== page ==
• Relatedness
        • Interaction with others
      • Autonomy
        • Control of own life
      • => Always focus on building authentic engagement
  • Reward can crowd out fun
    • See post about Punished by Rewards
  • Boring can be engaging
    • Extrinsic motivation works on boring dull tasks
      • i.e. tasks that are non-intrinsical
    • Focus on learning and development instead of competition
  • Feedback loops
    • Should be fast
    • Reinforcement of „good“ actions
    • FB: near real-time feedback score
      • Data from
        • Coworkers
        • Progress towards goals
        • Coaching
        • Supervisors
    • Lessons
      • FB should be unexpected + informed
        • Increases autonomy
        • Increases intrinsic motivation
      • Reinforcement should work toward progress
      • Metrics will determine actions
  • Different stages of motivation
    • External = punishment
    • Introjected = „I must …“
    • Internalized = „I should …“
    • Integrated = „I want to …“
    • Intrinsic

Game Elements

  • Points, badges and leaderboards (PBLs)
    • Basic but not everything
    • Points
      • To effectively keep score
        • „how well am I doing?“
        • can define levels, i.e. represents the true „play space“
        • To determine the win state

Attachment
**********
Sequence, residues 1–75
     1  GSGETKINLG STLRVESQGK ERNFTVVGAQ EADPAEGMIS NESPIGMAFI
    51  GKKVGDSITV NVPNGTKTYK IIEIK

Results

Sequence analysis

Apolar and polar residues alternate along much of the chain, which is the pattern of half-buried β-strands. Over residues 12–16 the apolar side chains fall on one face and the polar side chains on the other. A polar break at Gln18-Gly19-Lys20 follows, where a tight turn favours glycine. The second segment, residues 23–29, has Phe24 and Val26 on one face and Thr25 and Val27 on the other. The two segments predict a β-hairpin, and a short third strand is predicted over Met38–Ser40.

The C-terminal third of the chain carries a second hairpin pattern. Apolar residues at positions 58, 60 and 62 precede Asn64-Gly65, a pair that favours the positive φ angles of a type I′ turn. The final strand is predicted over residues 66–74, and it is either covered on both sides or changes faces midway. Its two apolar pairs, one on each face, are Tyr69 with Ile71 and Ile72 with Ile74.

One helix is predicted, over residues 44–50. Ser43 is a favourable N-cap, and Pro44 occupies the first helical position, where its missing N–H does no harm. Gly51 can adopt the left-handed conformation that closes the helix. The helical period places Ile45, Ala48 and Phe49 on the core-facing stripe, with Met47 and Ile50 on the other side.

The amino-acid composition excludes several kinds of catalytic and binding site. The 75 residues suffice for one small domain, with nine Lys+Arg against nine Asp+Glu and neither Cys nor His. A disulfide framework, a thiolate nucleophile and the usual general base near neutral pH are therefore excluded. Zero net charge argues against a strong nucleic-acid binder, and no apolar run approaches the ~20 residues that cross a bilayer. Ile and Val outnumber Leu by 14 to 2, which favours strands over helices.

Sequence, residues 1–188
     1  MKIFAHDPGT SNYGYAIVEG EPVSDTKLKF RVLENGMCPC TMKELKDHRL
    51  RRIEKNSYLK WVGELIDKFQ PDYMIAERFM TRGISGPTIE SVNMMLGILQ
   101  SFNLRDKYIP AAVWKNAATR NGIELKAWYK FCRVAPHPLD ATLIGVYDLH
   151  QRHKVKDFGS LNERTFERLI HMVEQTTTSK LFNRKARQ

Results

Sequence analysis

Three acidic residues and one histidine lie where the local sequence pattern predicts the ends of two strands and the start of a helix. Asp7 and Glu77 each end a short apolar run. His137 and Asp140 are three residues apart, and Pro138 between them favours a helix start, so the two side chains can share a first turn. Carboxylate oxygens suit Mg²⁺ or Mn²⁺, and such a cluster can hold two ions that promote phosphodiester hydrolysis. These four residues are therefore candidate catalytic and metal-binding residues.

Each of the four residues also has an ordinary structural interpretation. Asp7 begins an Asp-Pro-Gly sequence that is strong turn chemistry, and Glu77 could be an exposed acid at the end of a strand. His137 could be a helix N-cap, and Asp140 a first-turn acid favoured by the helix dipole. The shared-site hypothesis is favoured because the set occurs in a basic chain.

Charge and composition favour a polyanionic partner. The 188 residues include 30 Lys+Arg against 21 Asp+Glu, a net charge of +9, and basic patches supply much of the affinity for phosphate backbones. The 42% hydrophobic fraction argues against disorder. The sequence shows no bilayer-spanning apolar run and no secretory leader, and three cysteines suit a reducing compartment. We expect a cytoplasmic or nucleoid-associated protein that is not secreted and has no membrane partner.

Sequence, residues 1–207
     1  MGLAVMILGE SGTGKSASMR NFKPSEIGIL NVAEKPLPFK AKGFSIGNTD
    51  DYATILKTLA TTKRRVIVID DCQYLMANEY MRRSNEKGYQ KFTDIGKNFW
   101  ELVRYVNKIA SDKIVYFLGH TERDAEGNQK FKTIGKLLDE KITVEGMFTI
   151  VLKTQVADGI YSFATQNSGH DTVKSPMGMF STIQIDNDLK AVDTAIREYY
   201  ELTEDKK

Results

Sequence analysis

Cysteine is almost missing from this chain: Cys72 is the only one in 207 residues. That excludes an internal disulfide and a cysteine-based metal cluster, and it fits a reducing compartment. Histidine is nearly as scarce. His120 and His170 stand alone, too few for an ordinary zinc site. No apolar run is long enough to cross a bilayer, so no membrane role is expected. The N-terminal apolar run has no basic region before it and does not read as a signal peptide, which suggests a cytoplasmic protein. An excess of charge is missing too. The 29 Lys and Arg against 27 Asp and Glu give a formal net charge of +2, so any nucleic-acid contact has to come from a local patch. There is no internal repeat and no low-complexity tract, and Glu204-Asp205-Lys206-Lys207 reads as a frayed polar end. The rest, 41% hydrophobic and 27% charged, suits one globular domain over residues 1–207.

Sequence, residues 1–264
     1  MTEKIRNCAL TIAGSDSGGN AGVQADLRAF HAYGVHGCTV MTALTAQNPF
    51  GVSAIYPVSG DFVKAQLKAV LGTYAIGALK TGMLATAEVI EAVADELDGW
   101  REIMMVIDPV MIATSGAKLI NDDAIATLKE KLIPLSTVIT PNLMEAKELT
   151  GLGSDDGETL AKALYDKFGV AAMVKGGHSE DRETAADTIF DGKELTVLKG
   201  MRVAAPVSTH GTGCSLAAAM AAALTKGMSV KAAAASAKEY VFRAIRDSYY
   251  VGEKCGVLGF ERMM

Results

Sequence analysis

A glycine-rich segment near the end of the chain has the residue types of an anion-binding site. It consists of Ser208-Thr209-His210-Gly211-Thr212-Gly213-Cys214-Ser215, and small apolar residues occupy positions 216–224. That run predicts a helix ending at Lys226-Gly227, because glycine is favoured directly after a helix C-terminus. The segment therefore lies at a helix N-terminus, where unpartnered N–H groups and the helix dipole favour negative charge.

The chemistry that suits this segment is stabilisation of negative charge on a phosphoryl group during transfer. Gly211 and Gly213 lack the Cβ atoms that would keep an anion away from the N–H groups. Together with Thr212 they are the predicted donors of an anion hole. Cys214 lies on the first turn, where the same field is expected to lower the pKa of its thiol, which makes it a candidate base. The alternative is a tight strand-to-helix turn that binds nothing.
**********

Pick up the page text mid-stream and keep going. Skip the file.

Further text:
• E.g. to give away a prize
          • To connect progression and extrinsic rewards
            • X points will give you Y
            • To provide feedback
              • Quickly & easily
              • To externally display progress
                • Status
                • To provide data to game designers
                  • Analyzing tasks
                  • Badges
                    • Visual representation of some achievement
                    • Motivational characteristics
                      • Provide a goal to strive toward => positive effect on motivation
                      • Provide guidance as to what is possible => engagement
                      • Signal what user cares about and what they have performed => capability
                      • Virtual status symbols
                      • Tribal markers => sense of identity with a group
  • Very flexible
  • Leaderboards
    • Most troublesome
      • Can be motivating or demotivating
      • Turn of players (zero sum game)
      • Usually reduce performance rather than enhance it in business
      • Game Elements
        • Dynamics
          • Constraints
          • Emotions: curiosity, competivieness, happiness, etc.
          • Narrative: consistent, ongoing storyline
          • Progression: player’s growth and development
          • Relationships: social interactions generating feelings of camaraderie, status, altruism, etc.
  • Mechanics
    • Challenges
    • Chance: elements of randomness
    • Competition
    • Cooperation
    • Feedback
    • Resource Acquisition
    • Rewards
    • Transactions
    • Turns
    • Win states
    • => combinations, for onboarding (new participants) and interest curves (exp. Players)
  • Components